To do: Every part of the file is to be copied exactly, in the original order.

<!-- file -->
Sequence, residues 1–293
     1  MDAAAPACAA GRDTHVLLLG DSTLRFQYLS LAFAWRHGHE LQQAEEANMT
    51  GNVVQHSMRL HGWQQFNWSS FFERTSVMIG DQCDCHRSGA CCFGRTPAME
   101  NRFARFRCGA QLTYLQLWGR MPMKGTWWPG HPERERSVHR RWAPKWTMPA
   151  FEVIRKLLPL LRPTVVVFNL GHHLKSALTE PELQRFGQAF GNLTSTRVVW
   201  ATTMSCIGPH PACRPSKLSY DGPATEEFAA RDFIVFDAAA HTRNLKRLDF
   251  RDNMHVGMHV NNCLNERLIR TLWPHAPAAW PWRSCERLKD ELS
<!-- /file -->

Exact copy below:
Sequence, residues 1–293
     1  MDAAAPACAA GRDTHVLLLG DSTLRFQYLS LAFAWRHGHE LQQAEEANMT
    51  GNVVQHSMRL HGWQQFNWSS FFERTSVMIG DQCDCHRSGA CCFGRTPAME
   101  NRFARFRCGA QLTYLQLWGR MPMKGTWWPG HPERERSVHR RWAPKWTMPA
   151  FEVIRKLLPL LRPTVVVFNL GHHLKSALTE PELQRFGQAF GNLTSTRVVW
   201  ATTMSCIGPH PACRPSKLSY DGPATEEFAA RDFIVFDAAA HTRNLKRLDF
   251  RDNMHVGMHV NNCLNERLIR TLWPHAPAAW PWRSCERLKD ELS